I sometimes get remarks about the film being too simplistic and that it does not accurately show the suffering of any one side. I agree, it IS simplistic because it has to be in order to be a comedy. This film is not meant to be a learning tool for the situation in the Middle East. It is not an historical explanation, or a political solution on screen. It is a movie about HOPE and PEACE and that is it. It is meant to counteract the multitudes of negative documentaries and news reports that, while very informative, usually seem to be skewed to one side and ALWAYS leave the viewer feeling like this conflict will go on forever. I truly believe that peace between Israelis and Arabs will be achieved and don’t believe it is a hopeless endeavor. We wanted to make a film that would convey that feeling.
What has been the response from Jews and Arabs?
The response has been overwhelmingly positive from both sides. I have had requests for Dvd’s from professors from Qatar, libraries in Egypt, soldiers in Israel, Palestinian families in Gaza, Elementary school teachers in Haifa, Jewish and Arab film festivals all over the United States, and the list goes on. The film played at the Jerusalem Jewish Film Festival and the Tel Aviv University Student Film Festival in Israel. It also played at the Dubai International Film Festival to a very warm reception and was screened there more than any other film at the festival. It was one of the best screening experiences I have ever had.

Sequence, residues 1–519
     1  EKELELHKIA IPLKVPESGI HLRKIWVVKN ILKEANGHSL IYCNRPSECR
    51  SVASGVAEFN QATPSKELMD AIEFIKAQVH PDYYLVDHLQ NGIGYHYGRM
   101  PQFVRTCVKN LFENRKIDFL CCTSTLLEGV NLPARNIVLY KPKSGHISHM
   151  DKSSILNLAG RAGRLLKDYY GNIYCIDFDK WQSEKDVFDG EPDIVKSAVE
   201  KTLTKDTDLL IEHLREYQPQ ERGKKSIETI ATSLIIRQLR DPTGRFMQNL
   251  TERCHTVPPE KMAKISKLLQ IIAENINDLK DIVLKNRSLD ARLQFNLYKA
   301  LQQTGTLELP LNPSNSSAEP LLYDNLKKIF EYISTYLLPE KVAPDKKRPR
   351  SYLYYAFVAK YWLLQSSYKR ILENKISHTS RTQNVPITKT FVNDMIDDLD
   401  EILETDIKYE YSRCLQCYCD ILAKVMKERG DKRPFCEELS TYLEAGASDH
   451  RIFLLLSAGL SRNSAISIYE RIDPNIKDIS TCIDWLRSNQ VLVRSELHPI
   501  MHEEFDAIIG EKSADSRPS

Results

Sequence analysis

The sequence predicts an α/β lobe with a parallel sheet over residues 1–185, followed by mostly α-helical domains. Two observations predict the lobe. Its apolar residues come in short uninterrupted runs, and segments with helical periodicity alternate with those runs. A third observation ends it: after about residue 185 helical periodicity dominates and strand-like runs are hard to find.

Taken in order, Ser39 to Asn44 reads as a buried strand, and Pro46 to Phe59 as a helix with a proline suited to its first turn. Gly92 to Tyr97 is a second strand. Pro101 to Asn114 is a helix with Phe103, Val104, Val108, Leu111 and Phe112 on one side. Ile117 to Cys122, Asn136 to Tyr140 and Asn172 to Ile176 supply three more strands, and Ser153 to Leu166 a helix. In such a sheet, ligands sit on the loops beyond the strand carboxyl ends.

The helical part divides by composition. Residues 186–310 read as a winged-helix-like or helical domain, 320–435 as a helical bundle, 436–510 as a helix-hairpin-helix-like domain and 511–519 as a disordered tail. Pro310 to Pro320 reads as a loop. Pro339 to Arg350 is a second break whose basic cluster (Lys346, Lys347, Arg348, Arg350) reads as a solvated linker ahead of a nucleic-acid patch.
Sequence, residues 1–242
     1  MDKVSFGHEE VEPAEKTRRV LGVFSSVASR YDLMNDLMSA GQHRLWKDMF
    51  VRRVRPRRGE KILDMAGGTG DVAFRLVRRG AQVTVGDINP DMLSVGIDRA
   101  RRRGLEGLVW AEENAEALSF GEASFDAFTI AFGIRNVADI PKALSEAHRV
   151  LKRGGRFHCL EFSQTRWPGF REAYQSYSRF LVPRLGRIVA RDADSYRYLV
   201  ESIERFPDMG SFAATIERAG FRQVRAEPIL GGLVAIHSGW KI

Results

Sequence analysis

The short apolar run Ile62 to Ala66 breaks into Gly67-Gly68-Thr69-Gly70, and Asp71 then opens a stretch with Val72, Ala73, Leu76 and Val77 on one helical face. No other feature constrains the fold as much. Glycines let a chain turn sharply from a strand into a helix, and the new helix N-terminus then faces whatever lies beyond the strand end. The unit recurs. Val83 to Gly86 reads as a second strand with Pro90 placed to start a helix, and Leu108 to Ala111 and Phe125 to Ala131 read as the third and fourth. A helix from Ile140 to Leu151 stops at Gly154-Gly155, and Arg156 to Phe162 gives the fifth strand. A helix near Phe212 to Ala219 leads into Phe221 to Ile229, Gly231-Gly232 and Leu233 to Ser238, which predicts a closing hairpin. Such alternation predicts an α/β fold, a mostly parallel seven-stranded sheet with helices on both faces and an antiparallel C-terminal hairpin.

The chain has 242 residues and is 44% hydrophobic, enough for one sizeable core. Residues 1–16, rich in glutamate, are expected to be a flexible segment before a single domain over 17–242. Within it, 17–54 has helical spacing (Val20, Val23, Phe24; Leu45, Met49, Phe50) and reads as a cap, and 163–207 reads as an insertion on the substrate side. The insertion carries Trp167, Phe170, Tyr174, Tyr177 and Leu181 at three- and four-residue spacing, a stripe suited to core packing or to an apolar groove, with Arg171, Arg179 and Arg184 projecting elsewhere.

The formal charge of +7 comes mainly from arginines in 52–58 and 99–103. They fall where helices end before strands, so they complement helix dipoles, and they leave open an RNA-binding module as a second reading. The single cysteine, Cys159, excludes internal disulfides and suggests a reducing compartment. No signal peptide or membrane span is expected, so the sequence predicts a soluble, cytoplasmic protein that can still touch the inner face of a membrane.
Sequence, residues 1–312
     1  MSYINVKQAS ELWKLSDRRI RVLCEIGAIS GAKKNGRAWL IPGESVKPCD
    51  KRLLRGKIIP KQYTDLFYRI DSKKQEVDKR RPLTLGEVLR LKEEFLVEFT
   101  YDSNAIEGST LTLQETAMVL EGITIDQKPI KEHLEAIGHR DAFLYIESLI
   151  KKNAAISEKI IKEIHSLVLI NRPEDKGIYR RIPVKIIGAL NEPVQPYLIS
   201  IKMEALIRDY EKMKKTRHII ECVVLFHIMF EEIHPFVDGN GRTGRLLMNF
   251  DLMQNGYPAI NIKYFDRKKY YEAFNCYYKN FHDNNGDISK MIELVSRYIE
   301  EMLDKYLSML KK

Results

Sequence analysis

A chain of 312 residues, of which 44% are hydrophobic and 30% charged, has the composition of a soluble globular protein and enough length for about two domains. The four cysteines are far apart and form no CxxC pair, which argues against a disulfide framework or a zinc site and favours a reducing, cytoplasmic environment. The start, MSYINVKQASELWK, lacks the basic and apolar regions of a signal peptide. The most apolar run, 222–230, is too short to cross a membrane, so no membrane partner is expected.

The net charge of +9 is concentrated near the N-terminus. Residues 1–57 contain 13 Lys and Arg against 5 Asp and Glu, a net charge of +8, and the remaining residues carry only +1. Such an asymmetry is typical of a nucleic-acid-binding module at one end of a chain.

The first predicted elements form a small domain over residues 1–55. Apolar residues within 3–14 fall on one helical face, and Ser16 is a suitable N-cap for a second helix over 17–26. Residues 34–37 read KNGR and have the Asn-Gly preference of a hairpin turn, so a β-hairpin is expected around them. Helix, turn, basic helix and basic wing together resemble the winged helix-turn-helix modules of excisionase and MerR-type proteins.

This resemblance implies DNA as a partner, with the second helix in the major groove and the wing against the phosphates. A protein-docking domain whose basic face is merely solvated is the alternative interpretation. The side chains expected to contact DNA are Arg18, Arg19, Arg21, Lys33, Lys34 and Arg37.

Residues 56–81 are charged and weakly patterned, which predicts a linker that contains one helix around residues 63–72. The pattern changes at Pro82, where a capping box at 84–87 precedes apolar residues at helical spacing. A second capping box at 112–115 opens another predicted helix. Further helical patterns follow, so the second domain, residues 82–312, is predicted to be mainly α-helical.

What is your background? Are you from the Middle East?
I was born in the United States and am the son of an Israeli father and an American mother. I studied Islam, Judaism, and the History of the Middle East in college and have traveled the Middle East extensively having been to Israel (almost every year), Palestine, Jordan, Turkey, Egypt, Morocco, and Dubai. I currently have family that live throughout Israel.